Minim Invasive Surg. 2021 Apr 19;2021:9969010. doi: 10.1155/2021/9969010. eCollection 2021.
OBJECTIVE: Spinal cord stimulation (SCS) is a minimally invasive technique mainly used to treat neuropathic pain associated with failed back surgery syndrome. However, this therapy has been utilized to treat other chronic painful conditions, such as pain associated with multiple sclerosis (MS). Nonetheless, the efficacy of SCS in MS patients has not been fully established. In fact, in most of SCS series, MS patients represent only a subset of a bigger cohort which comprises different causes of pain, motor disorder, and other functional limitations. The aim of our study was to systematically review the literature to evaluate the effectiveness of SCS in MS patients.
METHODS: A literature search was performed through different databases (PubMed, Scopus, and Embase) using the following terms: “multiple sclerosis,” “spinal cord stimulation,” and “dorsal column stimulation,” according to PRISMA (Preferred Reporting Items for Systematic Reviews and Meta-analyses) guidelines.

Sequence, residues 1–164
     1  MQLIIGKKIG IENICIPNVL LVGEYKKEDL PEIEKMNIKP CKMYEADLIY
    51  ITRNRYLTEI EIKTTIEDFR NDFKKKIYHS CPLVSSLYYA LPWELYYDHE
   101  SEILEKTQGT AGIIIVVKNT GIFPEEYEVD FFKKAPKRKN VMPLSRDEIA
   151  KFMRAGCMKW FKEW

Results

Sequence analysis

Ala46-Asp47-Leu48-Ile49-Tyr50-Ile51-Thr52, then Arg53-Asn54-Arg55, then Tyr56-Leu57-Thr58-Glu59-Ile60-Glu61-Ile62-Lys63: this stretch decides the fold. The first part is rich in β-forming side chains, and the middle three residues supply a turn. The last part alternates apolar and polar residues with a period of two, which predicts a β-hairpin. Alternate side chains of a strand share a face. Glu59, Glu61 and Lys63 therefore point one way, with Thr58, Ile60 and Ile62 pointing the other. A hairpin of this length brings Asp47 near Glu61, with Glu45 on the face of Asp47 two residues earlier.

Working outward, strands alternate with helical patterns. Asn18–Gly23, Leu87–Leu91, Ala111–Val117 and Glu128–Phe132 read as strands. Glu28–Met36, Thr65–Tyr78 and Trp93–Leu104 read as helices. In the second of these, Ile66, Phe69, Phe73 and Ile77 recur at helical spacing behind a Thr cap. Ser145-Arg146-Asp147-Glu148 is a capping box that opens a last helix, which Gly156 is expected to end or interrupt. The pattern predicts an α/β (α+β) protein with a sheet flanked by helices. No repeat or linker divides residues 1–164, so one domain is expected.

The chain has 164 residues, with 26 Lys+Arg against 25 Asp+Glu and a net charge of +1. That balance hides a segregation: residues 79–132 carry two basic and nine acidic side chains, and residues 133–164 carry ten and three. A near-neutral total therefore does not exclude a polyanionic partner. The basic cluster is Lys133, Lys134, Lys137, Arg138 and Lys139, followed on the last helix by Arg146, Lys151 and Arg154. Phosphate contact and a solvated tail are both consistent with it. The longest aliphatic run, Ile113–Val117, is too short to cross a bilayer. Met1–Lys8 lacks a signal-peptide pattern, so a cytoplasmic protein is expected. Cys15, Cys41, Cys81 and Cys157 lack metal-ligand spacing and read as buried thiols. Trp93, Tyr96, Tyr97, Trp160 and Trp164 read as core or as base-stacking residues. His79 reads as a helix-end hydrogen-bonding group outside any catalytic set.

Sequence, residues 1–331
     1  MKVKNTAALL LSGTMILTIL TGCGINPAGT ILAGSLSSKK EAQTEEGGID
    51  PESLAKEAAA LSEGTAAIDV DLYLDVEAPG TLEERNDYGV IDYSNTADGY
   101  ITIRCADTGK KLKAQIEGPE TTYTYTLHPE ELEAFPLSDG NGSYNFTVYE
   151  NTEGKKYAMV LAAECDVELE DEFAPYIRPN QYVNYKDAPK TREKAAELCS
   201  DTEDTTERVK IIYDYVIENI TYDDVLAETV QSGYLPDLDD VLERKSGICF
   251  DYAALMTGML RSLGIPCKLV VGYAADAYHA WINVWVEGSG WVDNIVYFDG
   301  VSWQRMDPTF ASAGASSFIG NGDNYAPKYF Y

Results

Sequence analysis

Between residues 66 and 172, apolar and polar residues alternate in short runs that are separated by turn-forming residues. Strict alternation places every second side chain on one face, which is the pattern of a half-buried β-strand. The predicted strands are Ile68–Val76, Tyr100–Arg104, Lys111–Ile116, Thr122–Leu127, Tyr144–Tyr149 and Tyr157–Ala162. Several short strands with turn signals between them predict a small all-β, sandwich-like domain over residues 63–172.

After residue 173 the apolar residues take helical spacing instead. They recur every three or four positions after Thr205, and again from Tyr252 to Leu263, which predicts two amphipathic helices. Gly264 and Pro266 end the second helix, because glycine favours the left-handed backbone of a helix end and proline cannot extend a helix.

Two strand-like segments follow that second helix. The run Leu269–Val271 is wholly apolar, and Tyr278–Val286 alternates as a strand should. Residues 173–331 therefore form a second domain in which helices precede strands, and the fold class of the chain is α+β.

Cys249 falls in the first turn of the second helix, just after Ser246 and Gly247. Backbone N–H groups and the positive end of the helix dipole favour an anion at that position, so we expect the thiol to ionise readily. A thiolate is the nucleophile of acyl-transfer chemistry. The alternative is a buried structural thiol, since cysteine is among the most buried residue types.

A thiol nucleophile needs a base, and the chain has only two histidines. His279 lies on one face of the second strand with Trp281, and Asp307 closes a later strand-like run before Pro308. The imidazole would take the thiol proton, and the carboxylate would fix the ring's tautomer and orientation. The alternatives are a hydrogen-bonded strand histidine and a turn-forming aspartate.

RESULTS: A total of 452 articles were reviewed, and 7 studies were included in the present analysis. 373 MS patients were submitted to a stimulation trial, and 82 MS patients underwent a de novo implantation. 285/373 (76.4%) of cases submitted to the SCS trial were enrolled for permanent stimulation. We found a long-lasting improvement in 193/346 (55.8%) MS patients with motor disorders, in 90/134 (67.13%) MS patients with urinary dysfunction, and in 28/34 (82.35%) MS patients with neuropathic pain. The efficacy of SCS was higher for urinary dysfunction (p = 0.0144) and neuropathic pain (p = 0.0030) compared with motor disorders.
CONCLUSIONS: Our systematic review evidences that SCS is effective in MS patients. Urinary dysfunction and pain symptoms seem to be most responsive to SCS. Further studies are needed to improve the patient selection and clarify the best timing to perform SCS in these patients.